TikTok threats a bipartisan priority among Colorado leaders at federal, state levels
Colorado leaders continue to push for greater regulation of the social media app TikTok because of what they say are the threats it poses to national security, as well as young people’s mental health.
U.S. Sen. Michael Bennet has been one of the loudest voices on the threats posed by TikTok, particularly in his role on the Senate Intelligence Committee. He’s written to the CEOs of Apple and Google asking them to remove TikTok from their app stores, and has also met with the CEO of TikTok to directly express his concerns.
Bennet has called TikTok a threat because of its direct association with the Chinese Communist Party and its ability to spy on Americans through access to their phone data. Most recently, Bennet questioned FBI Director Christopher Wray on the national security risks the app poses.
“It’s the control of the data to conduct all sorts of big data operations. It’s the control of the recommendation algorithm, which allows them to conduct influence operations. It’s the control of the software, which allows them to then have access to millions of devices,” Wray said in response to Bennet. “So you put all those three things together, and again, come back to the starting point, which is, this is a tool that is ultimately within the control of the Chinese government, and to me, it screams out with national security concerns.”
Bennet also introduced the Restricting the Emergence of Security Threats that Risk Information and Communications Technology Act alongside a bipartisan group of Senate colleagues. The RESTRICT Act intends to give the Department of Commerce the power to mitigate threats posed by technology, like TikTok, from foreign adversaries through a process that can adapt to the changing technology landscape. Basically, it would allow the DOC to review, prevent and mitigate high-risk information and communications technology transactions.
“We shouldn’t let any company subject to the Chinese Communist Party’s dictates collect data on a third of our population — and while TikTok is just the latest example, it won’t be the last,” Bennet said in a statement. “The federal government can’t continue to address new foreign technology from adversarial nations in a one-off manner; we need a strategic, enduring mechanism to protect Americans and our national security. I look forward to working in a bipartisan way with my colleagues on the Senate Select Intelligence Committee to send this bill to the floor.”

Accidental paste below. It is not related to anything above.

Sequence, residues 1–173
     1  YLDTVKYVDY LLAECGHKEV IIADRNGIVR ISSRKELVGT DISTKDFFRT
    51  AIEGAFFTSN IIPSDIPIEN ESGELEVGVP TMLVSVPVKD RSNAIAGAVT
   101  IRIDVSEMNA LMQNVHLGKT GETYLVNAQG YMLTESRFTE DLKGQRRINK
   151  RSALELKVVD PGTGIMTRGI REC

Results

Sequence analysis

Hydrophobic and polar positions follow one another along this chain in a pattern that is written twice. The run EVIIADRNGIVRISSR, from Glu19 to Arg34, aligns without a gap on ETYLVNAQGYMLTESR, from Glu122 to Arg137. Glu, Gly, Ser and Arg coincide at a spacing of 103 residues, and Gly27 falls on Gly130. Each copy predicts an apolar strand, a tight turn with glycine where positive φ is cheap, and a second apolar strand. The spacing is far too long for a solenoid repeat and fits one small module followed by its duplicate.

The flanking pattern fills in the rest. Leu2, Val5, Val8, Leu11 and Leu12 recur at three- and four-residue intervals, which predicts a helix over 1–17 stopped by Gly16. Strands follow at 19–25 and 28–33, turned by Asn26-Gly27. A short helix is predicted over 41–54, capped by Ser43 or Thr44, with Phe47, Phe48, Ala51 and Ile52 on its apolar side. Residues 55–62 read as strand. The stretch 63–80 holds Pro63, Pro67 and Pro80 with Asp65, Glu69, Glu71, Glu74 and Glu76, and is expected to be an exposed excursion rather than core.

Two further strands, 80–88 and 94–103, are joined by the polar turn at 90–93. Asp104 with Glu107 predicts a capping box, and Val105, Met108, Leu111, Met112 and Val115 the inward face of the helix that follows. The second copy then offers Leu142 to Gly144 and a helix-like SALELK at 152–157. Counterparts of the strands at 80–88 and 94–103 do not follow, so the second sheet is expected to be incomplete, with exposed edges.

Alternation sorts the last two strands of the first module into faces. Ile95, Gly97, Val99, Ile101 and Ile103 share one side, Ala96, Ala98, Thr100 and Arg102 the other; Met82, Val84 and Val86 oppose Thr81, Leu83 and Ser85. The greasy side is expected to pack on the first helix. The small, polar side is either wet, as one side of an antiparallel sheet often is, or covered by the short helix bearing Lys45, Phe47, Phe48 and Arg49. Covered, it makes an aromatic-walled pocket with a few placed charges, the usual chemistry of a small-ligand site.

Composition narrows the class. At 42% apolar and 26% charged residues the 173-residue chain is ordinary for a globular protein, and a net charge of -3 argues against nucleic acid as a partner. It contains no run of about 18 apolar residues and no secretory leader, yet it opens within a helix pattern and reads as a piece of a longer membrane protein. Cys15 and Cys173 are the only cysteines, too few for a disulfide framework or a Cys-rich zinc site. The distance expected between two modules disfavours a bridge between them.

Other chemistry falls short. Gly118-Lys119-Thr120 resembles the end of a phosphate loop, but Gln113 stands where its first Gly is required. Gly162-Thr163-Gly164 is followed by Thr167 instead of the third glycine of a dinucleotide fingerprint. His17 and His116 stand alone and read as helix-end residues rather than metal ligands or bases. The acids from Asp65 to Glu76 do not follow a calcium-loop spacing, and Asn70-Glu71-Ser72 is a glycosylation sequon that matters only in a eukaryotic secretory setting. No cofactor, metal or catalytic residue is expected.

U.S. Rep. Ken Buck previously led the passage of a bill banning TikTok from federal government devices.
Mental health crisis
Colorado Attorney General Phil Weiser led a multi-state investigation into whether TikTok violated consumer protection laws with deceptive and unfair conduct that’s harmful to app users, particularly children and teens. Last week he and the other 46 attorneys general on the case asked a Tennessee court to order TikTok to comply with the investigation.
A spokesperson for Weiser said one of his top priorities going into his second term is to tackle teen mental health and the rising use of social media platforms that display harmful content.
“We know that teen mental health is at a crisis point — and the rising concerns are correlated with increased use of social media platforms that display harmful content,” Weiser said in a statement. “It is critical that we thoroughly investigate these concerns and do all we can to ensure that we are protecting our kids’ mental health. As all parents know, mental health means everything and we need to meet this crisis with the urgency it demands.”
The most recent ask from the group of attorneys general comes after TikTok “repeatedly and knowingly failed to preserve relevant information and failed to provide internal communications in a useful format,” according to a news release from Weiser’s office.
The release says TikTok’s failure to preserve and provide relevant information hampers the investigation by the attorneys general and asks the court to mandate their compliance.
Conor Cahill, press secretary for Colorado Gov. Jared Polis, said state devices should not be used for any social media unless it is necessary for a staff member to do their job, as is standard practice in most private sector companies.
“The Governor and (the Office of Information Technology) have reviewed best practices for social media usage on state devices to ensure that personal Tiktok, Twitter, Facebook, and other social media are not used on state devices except for legitimate state purposes like communications outreach,” Cahill said in an email.
A spokesperson for Colorado’s Department of State said TikTok is prohibited on all agency-issued devices.